30 August 2012
We have all heard the quotation “no man is an island” (by poet John Donne). Well, no government is an island either.
Since the democratic government came into power in 1994, it has always understood and appreciated that it functions within a broader community of other democratic institutions, businesses, nonprofit organisations, communities and various other entities, each of which have a role to play towards building South Africa.
Government takes full ownership of its mandate, but it will be unrealistic and plain foolish to think that government alone can build South Africa and better the lives of South Africans.
President Jacob Zuma’s address to the Non Profit Organisations Summit on 16 August emphasised “the NPO sector remains an indispensable partner for government as we pursue the development agenda.”
President Jacob Zuma at the Non-Profit Organisations summit. The summit was hosted by the Department of Social Development with the aim to create a platform for effective partnerships between government and non-profit sector.
Whereas prior 1994 the activities of the NPO sector were largely focused on anti-apartheid petitions and protests, today these include service delivery initiatives in key areas such as HIV and AIDS, child care, poverty reduction, victim empowerment programmes, social crime prevention, economic development and policy advocacy, said President Zuma.
The power of partnership can be seen with government’s management of the HIV and AIDS pandemic. Initially, there was an ‘us’ versus ‘them’ situation where the likes of the Treatment Action campaign (TAC), for example, had an adversarial relationship with government.
Today, under the leadership of Deputy President Kgalema Motlanthe, the country has moved towards collaboration on HIV and AIDS between government, civil society organisations, the business sector and development partners which saw collective ownership for South Africa’s Global Aids Response Progress Report 2012 which was presented at the 19th United Nations (UN) International World AIDS Conference held recently in Washington DC.
As part of the Women’s month celebrations, Minister of Women, Children and People with Disabilities, Lulu Xingwana, commended the Motsepe Foundation on the Gender Responsive Budget Initiative.
“What impresses me most about this initiative and other initiatives of this nature, is that they are driven by non-governmental organisations to help government achieve part of its mandate and objectives, but most importantly, to improve the quality of the lives of our women, both in urban and rural areas,” she said.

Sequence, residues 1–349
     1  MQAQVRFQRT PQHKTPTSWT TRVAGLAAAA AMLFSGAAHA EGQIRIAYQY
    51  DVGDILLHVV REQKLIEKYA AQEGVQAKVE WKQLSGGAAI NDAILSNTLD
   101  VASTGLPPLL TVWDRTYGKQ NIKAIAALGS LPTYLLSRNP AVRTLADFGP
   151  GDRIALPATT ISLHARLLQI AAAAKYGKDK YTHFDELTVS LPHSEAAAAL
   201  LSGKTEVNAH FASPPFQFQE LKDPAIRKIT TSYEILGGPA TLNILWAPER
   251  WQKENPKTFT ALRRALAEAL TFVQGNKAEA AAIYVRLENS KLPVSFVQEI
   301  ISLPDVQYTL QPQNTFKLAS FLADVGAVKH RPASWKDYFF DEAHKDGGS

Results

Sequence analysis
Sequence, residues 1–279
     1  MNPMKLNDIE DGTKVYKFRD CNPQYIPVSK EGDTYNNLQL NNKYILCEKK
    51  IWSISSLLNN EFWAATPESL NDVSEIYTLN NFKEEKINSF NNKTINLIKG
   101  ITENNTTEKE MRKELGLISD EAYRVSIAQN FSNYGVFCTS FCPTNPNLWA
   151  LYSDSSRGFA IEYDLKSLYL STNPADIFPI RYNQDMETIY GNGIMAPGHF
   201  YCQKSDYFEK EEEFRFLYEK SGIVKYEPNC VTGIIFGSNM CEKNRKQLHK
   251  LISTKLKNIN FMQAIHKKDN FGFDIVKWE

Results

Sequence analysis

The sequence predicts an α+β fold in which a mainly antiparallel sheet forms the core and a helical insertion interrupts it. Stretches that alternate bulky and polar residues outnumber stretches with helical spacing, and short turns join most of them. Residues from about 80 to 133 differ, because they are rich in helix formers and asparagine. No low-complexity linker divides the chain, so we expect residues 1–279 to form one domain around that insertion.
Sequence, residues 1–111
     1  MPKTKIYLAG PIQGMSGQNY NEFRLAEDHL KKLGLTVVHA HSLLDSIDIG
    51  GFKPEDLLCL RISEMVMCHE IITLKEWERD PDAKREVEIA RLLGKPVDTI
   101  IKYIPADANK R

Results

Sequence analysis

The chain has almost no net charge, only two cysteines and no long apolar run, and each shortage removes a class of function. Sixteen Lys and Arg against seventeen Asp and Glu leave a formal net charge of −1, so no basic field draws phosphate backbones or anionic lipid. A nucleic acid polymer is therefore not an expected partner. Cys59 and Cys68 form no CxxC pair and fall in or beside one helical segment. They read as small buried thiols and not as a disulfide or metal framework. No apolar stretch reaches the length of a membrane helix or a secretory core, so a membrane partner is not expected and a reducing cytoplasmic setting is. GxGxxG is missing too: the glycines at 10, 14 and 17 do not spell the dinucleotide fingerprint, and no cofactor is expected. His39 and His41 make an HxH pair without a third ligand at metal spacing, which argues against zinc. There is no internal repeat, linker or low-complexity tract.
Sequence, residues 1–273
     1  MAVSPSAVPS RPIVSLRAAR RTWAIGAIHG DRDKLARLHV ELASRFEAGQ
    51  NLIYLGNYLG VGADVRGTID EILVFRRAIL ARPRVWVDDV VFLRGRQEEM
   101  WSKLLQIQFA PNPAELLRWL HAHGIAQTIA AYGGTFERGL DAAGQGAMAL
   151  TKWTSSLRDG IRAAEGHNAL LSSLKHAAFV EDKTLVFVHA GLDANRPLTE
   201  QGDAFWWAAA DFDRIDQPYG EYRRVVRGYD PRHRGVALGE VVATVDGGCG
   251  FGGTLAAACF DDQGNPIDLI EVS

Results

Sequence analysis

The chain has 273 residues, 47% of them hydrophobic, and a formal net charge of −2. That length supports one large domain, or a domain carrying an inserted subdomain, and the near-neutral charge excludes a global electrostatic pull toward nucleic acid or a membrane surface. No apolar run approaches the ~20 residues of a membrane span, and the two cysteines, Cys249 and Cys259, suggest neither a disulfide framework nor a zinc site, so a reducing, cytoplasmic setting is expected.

The GRBI, launched in February this year, is an initiative of the Department of Women and People with Disabilities and the Motsepe Foundation. It aims to strengthen the capacity of government to review and analyse budgets to ensure that the needs of women are specifically and equally addressed. This will enhance the building of capacity in communities to enable ordinary women to determine where their priority economic needs and gaps are, and to also establish what resources or intervention mechanisms are needed to address those gaps. This is an excellent example of what government and non-profit organisations can do in working together.
Education is one of the five priorities of this government and was also placed as a defining feature or apex priority of this Administration. In this regard, the launch of READ Educational Trust's 2012 Readathon, from August to October 2012 is heartening news to a government which prioritizes South Africa’s literacy.
Read Educational Trust is a South African based NGO that operates in the education and literacy sectors broadly, and in educator training and school resource provision specifically.
Adhering to tradition, the 2012 campaign will be built around a number of literacy activities, central to which is a handbook that encourages teachers by providing literacy activities and provides them with a selection of stories, quotations, slogans, competitions and posters. It includes a variety of writing frames, examples and illustrations – invaluable for the workshops that will be held over the next three months. Some 4 000 handbooks will be distributed to schools nationally. These can also be downloaded from the READ website in three booklet formats.
Government welcomes all these initiatives and many more that are not mentioned in this column. We know, for example, that from the business sector there are many corporate social investment (CSI) programmes, some of which support government’s five priorities. At a recent South Africa-US business partnership meeting, Minister of International Relations and Cooperation Maite Nkoane-Mashabane commended US companies for being major contributors to CSI in South Africa.
The five priorities become truly national when they are not just pushed by government but are embraced by business, civil society and our foreign partners.
At a time when governments the world over are faced with shrinking budgets and increasing citizen demands, partnership between government and the NPO and business sectors should be a given. An unwelcoming attitude, as a rule, to the NPO and business sectors is simply unsustainable – unless, of course, government has a bottomless pit of money.
Yet some of us within the bureaucracy still regard these partnerships with suspicion and are very territorial over our “bureaucratic space”. However, the embrace of the NPO sector by our political principals, their welcoming disposition towards CSI and the existence of a Cabinet-endorsed strategic framework on public private partnerships do suggest that at times the bureaucrats, at least those who view with suspicion anyone who is not from within, may be out of sync with the policy posture of the very Administration they work for.
Vusi Mona is Deputy CEO of Government Communication and Information System, he served in the government's communication task team on the GFIP.